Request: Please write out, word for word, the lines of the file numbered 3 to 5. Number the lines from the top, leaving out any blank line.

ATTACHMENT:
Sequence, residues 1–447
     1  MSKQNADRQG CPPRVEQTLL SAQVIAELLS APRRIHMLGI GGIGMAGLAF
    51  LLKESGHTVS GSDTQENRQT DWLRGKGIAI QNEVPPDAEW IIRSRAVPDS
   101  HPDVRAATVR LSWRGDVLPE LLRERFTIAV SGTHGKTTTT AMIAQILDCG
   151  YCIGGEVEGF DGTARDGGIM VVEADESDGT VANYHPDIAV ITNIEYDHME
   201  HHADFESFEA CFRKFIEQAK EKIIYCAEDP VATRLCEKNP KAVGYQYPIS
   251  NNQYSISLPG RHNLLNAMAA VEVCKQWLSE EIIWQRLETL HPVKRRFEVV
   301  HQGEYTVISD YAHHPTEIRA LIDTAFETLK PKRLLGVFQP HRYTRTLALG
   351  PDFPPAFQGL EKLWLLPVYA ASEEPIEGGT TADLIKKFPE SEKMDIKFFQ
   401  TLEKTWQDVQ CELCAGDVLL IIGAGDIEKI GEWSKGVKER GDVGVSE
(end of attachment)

    51  LLKESGHTVS GSDTQENRQT DWLRGKGIAI QNEVPPDAEW IIRSRAVPDS
   101  HPDVRAATVR LSWRGDVLPE LLRERFTIAV SGTHGKTTTT AMIAQILDCG
   151  YCIGGEVEGF DGTARDGGIM VVEADESDGT VANYHPDIAV ITNIEYDHME